At 16 years old, Billy Monger was on track to dominate the world of Formula One when he was involved in a crash that would change his life forever. Two years later, the teen is not letting his disability define his success. Recently, he has become the first amputee driver to compete in single-seat cars — and this is just the beginning of what Monger hopes to accomplish. In this recent interview by The Guardian, the Formula One racer talks more on how he’s come to redefine his independence and his passion for racing through his disability.
Ebullient yet fearsomely determined, Billy Monger explains that he has a point to prove beyond his remarkable return to racing after losing both legs in an accident. “This year I want to win a race,” he says. “Stand on the top step knowing I have beaten everyone on a level playing field no matter what has happened to me. My disability isn’t holding me back. What will be the difference in making it to F1 or not is how good I am.”
The 19-year-old has reached extraordinary heights in overcoming the crash that led to the double amputation in 2017. On Tuesday he announced he will compete this season in the Euroformula Open Championship, a nine-race series in F3 cars at circuits including Spa, Monza, Silverstone and Hockenheim.
“I tend not to think about the accident too much because it doesn’t help me progress,” he says. “I can’t forget what happened but I try to think what it has taught me – and it has taught me a lot. If you want to do something with your life, you should do it. I know no one is going to do it for me. It has made me a bit more of a control freak, because I want to achieve such great things.”
The driver from Surrey, known as Billy Whizz, tried a go-kart bought when he was three by his father, Rob. He was racing competitively by six and at 2014 graduated to the Ginetta Junior sports car series until he stepped up to single seaters in the British F4 championship in 2016. After a solid debut a serious assault was planned for 2017.
He had twice been on the podium that year when the series went to Donington Park in April, where his life changed. Unsighted by cars in front, he had no time to react and ploughed into a car that had stopped on the track. It is difficult to watch, made all the more harrowing knowing its aftermath. He woke up three days later in hospital with both legs amputated.
And yet, 10 months later, Monger was testing a modified F3 car for Carlin and went on to compete for the team in the British F3 series that season, where he took two poles, four podium places and finished sixth. His comeback was recognised by the BBC Sports Personality of the Year Helen Rollason Award for outstanding achievement in 2018. It had been a huge feat of mental strength having faced down his demons almost immediately.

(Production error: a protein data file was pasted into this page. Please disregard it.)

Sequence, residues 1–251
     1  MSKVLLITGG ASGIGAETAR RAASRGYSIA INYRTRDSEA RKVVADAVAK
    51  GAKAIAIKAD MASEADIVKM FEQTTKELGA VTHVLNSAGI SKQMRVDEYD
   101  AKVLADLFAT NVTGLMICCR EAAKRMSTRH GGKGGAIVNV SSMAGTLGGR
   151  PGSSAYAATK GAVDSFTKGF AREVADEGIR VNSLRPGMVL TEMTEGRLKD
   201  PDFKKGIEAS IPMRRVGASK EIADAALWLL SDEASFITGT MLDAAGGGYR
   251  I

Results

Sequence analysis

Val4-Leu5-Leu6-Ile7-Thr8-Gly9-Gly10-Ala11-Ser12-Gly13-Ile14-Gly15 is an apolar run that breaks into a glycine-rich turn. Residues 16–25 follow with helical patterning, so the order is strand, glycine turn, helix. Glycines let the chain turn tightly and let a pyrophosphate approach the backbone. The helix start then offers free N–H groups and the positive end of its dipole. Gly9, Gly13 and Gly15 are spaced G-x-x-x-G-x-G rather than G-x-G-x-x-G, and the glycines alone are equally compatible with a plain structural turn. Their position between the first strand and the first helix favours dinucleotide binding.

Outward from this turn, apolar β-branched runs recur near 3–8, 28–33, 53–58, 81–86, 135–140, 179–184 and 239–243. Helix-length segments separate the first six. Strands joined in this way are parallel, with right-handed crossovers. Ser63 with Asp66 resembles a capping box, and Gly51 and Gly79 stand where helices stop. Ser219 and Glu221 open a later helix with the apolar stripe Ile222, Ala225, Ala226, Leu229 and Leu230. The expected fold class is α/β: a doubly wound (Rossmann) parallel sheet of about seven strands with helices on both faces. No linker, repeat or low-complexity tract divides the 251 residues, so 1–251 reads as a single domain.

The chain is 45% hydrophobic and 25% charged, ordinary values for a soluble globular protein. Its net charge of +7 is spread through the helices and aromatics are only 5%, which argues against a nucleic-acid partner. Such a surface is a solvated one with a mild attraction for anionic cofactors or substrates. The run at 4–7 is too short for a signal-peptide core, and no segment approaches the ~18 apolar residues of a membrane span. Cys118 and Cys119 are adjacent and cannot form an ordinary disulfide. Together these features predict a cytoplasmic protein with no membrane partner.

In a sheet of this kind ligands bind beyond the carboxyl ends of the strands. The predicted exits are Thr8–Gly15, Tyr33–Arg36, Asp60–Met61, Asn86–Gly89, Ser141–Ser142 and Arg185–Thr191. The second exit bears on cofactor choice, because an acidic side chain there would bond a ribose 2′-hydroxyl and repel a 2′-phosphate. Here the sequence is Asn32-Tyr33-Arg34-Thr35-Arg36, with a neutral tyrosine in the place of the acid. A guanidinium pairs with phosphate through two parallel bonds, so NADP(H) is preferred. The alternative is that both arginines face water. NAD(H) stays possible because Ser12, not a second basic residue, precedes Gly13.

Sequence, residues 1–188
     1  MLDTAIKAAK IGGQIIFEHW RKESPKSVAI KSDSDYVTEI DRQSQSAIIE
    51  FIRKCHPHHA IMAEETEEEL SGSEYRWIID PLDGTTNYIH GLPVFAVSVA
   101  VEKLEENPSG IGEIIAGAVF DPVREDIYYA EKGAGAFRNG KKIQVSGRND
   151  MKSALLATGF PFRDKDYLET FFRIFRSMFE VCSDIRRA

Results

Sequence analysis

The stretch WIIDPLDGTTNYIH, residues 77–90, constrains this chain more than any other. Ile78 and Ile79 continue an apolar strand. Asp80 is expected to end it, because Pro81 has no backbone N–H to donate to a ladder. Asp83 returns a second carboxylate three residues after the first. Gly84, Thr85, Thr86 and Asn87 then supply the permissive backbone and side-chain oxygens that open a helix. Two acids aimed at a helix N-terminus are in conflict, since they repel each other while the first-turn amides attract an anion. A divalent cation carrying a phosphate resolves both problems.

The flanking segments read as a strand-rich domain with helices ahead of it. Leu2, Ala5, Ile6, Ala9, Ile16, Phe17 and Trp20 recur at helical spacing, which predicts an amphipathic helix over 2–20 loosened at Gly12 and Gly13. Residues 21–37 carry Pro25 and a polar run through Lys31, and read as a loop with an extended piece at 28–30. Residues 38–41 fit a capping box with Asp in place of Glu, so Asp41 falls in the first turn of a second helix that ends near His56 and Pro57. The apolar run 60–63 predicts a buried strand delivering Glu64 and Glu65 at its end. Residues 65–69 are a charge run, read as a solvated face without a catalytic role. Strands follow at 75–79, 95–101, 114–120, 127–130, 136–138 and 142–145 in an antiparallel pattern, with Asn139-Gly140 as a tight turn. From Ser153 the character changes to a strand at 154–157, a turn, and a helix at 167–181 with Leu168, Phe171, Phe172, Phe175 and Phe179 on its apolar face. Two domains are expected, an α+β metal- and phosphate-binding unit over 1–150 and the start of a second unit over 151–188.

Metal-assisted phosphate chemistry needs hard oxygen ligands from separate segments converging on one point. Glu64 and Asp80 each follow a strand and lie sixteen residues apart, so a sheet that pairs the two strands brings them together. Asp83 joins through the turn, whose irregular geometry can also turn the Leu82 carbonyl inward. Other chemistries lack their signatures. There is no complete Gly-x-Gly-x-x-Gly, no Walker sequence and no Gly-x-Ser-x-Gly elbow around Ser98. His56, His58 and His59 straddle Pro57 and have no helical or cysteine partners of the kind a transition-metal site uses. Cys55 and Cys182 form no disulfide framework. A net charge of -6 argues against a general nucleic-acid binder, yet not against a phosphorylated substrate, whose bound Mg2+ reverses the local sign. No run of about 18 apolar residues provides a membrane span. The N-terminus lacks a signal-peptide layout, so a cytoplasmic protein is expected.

“I decided early on in hospital that I was going to make sure I watched the accident,” he says. “I didn’t quite know what had happened and wanted to understand it. That was the first part in my recovery. There was no magical moment where I thought: ‘I am OK and don’t need to worry any more,’ but it helped more than pretending it didn’t happen.”
Monger quickly decided he wanted to race again and had to petition the FIA to allow a disabled driver to compete in single-seat cars. Having been successful, he became the first amputee to do so and will race for Carlin in the Euroformula, which hosts its first round at Paul Ricard next weekend.
It is the most powerful car he has driven and another step up. With the throttle on the steering wheel and a prosthetic attached to his right knee joint for braking, he must adapt to a new way of driving.
Monger is humble, too, in his appreciation of the generosity that amassed more than £840,000 on Justgiving to cover aspects of his rehabilitation, which included learning to walk on prosthetic legs. He was also publicly supported by his hero, Lewis Hamilton, which he valued highly, but Monger has no intention of relying on the world champion’s kindness.
“Lewis gave me support and spent time with me in the early days when I needed it,” he says. “I respect him so much [but] I don’t want it to be the case where people see him always helping me, because I want to make it off my own back.”
As part of Channel Four’s F1 presentation team Monger has a high profile but still faces the same problem every young driver encounters: raising sponsorship to go racing. His aim is to compete in a full season of the Euroformula but that will depend on securing more backing, which he hopes will come with good results.
It seems a mundane obstacle given those he has already overcome but for Monger it is just one more hurdle to be cleared. “If I want to be a professional driver and be in F1, I need to deliver results,” he says. “That is what I will be judged on and that is how I want to be judged.”